Belize was founded by adventurers—pirates, loggers and roughneck settlers who carved a place to live from swamps and jungles. A few centuries later, adventurous ecotravelers found this corner of Central America, and today, Belize is a rising star among those seeking active and educational vacations.
Tourists go to see its vast expanses of rain forest, rich collection of birds and animals, a long stretch of coral barrier reef and plentiful Maya ruins. As a result, tourism now surpasses agriculture as the largest industry in Belize, generating more than one-fifth of the country’s gross domestic product. About a third of a million international visitors go to Belize annually for everything from honeymoons to snorkeling, along with almost two-thirds of a million who visit briefly on cruise ships.
Of course, Belize’s growing popularity is making it somewhat less wild than it used to be—especially if you find yourself in a well-appointed jungle lodge or seaside resort (even the sounds of howler monkeys can seem rather civilized when you’re sipping cappuccino on the veranda).
Belize’s travel infrastructure is continually improving but remains far from polished: Some areas are difficult and/or expensive to get to, and conventional resort amenities such as golf courses and tennis courts are few and far between. Belize’s handful of “highways” are narrow but in fairly good condition, and getting around the country is not without its delays and challenges. We find these to be rather minor drawbacks, however. A bit of rawness just seems fitting for a place that caters to so many active travelers.
Belize City is Belize’s only urban area of any size, though it and its suburbs account for fewer than 80,000 people. It is the country’s commercial, cultural and transportation hub, but it is actually Belize’s least-appealing visitor destination. Belize City’s high crime rates (rarely a week goes by without several murders and drive-by shootings) keep visitors wary, especially around the downtown area after dark. Many quickly flee to safer and more scenic areas on the mainland or to the islands (commonly called cayes in Belize), a short plane flight or boat ride away from Belize City.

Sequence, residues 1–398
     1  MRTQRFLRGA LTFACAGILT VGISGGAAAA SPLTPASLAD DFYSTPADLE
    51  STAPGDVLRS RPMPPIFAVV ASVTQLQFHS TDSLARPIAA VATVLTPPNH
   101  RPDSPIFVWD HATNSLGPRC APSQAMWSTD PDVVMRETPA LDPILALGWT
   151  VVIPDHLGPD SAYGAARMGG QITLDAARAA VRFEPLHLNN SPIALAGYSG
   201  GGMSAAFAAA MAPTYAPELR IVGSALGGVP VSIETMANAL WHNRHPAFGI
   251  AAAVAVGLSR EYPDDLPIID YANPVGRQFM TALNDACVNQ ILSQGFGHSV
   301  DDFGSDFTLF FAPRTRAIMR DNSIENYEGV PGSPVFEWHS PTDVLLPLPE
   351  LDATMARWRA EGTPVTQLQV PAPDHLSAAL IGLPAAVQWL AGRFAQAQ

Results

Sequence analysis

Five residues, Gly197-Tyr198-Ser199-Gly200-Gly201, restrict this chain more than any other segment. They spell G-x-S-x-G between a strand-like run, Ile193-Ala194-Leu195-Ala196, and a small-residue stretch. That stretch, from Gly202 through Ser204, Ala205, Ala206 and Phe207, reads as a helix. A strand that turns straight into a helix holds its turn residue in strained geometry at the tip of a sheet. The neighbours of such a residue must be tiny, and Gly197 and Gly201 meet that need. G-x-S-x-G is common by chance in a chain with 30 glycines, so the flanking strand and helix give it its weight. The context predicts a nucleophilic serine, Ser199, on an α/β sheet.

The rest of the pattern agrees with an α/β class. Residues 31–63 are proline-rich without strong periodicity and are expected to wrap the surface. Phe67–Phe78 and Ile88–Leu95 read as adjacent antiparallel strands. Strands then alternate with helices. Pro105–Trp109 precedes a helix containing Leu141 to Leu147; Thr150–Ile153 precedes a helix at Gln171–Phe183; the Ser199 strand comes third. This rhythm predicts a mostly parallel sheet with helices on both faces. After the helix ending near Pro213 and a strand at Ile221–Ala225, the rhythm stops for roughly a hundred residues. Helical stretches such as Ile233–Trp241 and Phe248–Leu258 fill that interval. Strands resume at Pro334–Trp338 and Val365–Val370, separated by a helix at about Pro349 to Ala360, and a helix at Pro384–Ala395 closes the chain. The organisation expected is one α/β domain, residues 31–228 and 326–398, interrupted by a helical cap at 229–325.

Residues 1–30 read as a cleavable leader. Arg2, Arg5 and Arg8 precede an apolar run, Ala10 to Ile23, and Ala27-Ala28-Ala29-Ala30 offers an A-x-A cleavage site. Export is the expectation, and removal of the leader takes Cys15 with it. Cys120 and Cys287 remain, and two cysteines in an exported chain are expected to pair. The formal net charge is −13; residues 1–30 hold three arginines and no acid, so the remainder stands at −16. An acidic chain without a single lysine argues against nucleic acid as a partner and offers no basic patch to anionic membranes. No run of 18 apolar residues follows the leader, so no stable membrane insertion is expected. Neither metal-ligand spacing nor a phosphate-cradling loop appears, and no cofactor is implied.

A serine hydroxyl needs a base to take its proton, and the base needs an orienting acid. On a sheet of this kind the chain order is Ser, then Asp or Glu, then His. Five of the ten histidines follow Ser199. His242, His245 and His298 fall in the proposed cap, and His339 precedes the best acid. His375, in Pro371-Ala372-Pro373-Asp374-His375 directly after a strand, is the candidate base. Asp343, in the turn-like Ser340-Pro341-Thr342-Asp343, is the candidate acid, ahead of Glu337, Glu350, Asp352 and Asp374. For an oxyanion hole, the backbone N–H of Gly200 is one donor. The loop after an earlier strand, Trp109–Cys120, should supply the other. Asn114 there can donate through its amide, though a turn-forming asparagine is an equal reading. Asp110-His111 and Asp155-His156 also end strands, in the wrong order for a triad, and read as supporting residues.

Ambergris Caye, Belize’s most popular destination, offers a pleasing mix of informal living, watersports and the country’s best restaurants and nightlife. Caye Caulker, Hopkins, Placencia and San Ignacio also attract many visitors. Up-and-coming spots such as Punta Gorda, Corozal Town and Sarteneja are inexpensive and almost totally unspoiled by mass tourism.
The exclusive and complete travel guide is available to our clients.
LeisureVoyage is a joint venture of miniServe and OneVoyage. Through our unique industry relationships, we are able to create a luxury hotel portfolio that encompasses hotels from both Virtuoso and Signature Travel Network, two leading luxury travel consortiums in the world.
101 Cooper Street 263 | Santa Cruz, CA
Mon - Sat 9.00 - 17.00 Sunday CLOSED
Your security matters the most to us, so we take extraordinary measures to protect your information. Unlike many other agencies, sensitive information from you is encrypted from the start. LeisureVoyage is PCI-DSS compliant with regular website vulnerability scans by trusted 3rd party.